When they found out they'd closed on a house in Austin, they were about to be on a flight. Showalter said he'd never purchased in-flight Wi-Fi, and he was debating whether the extra cost was worth it when he got a call as he was boarding the plane. His real estate agent was at a Dead & Company concert – maybe halfway through "China Cat Sunflower" or something – and passed on the news that they'd gotten the house.
Despite being a musician and making music, Showalter also loves writing about music. In Heaven is sprinkled with musical references that are important to him, and they're mixed with stories from his own life. On "Jimi & Stan" Showalter sings about what seems to be a friend, Stan, hanging out with Jimi Hendrix in the afterlife. But, again, there's a depth of thought and feeling that may not seem obvious. Stan is Showalter's cat, a friendly, husky, gray guy with white spots, who was diagnosed with cancer and eventually had to be put to sleep, but it was during that process that Sue's mother passed away. Stan became a symbol of grief and their inability to say goodbye to Sue's mother. And yet "Jimi & Stan" is not a sad song, it's jubilant.
"Somewhere in Chicago" is similar. Showalter wrote the song the night John Prine died. It imagines Prine in some ethereal version of Chicago. Showalter sings, "John's on a walk somewhere in Chicago," to the same kind of understated swing melody that Prine would use in his own songs. The track doesn't come out of nowhere, In Heaven builds through multiple emotional arcs in its first half, but never strays too far into a specific feeling, as to not allow the listener to crawl back out. Sometimes it's the folk rock melody that allows a listener to hang on; sometimes it's Showalter's soaring vocals.
The consistency of production belies the recording process, which was anything but standard. It was Showalter's first time writing songs while sober. He estimates that there were "probably a billion reasons" for him to quit drinking, but he came to the decision when a date had been set for poor Stan to be euthanized. He envisioned it as a hiatus from alcohol, then it became clear: "I just don't want to do this anymore."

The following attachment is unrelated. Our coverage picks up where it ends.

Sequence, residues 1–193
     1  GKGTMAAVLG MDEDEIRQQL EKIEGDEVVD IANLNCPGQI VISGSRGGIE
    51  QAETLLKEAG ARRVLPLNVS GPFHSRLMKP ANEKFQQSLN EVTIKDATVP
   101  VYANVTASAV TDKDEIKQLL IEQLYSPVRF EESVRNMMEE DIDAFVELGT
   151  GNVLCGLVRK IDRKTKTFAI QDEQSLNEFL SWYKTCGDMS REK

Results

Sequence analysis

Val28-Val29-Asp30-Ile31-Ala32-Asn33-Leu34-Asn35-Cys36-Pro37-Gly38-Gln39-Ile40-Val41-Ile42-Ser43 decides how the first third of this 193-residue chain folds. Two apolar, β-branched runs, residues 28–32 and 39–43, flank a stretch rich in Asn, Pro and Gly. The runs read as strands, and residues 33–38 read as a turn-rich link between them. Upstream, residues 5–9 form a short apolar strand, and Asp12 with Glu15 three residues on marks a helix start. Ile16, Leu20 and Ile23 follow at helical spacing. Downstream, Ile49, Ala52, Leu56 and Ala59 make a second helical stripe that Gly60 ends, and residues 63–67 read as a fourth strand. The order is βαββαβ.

Showalter doesn't write lyrics first; he lays out the melody and records demos before going back and adding lyrics.
"I spent seven months on the demos. Because it was the pandemic, but also, when I make demos, I make them," Showalter says. "I can't do [the] lyrics until the song's done. I can't find what I'm going to sing about unless the synthesizer's in the right place. It's the opposite of folk in your notepad.
"But then when I'm done with it, I send it to the musicians, and I say, 'Here's what this is. Now, we can either break it down all the way if you want [or] you can play off of this."
After finishing the demos, the musicians that received the tracks were Carl Broemel and Bo Koster of My Morning Jacket. The two also played on Strand of Oaks' last record, Eraserland. Cedric LeMoyne also played bass on In Heaven. The album versions were eventually recorded with Kevin Ratterman (who also played drums) at Invisible Creature in L.A. The entire process, from songwriting to demoing to recording, took place in the middle of a pandemic; in the middle of an election; in the middle of grief.
But that's been everyone, right? We've all had to push through the vulgarities of regular life to continue to hold on. We're all nearly two years older, and so is Showalter. The trauma of the last year, becoming sober, uprooting and moving to Austin, growing older and the fallibility of life, are all imprinted on the record. When compared to Eraserland, you can immediately hear that Showalter has changed; he's crossed a threshold.
"I love being my age. I feel like I'm weirder and gentler," says Showalter.
There's joy in growing older. There's a comfortability with who you are. It's a bit like exiting the noise of your youth and entering a peaceful phase. Sure, there will be grief and pain, but once you've exited one movement and entered another, once you've opened that door, you might be greeted with Miles Davis and a benevolent sitar.
Strand of Oaks’ In Heaven comes out Oct. 1 on his own label, Galacticana Records.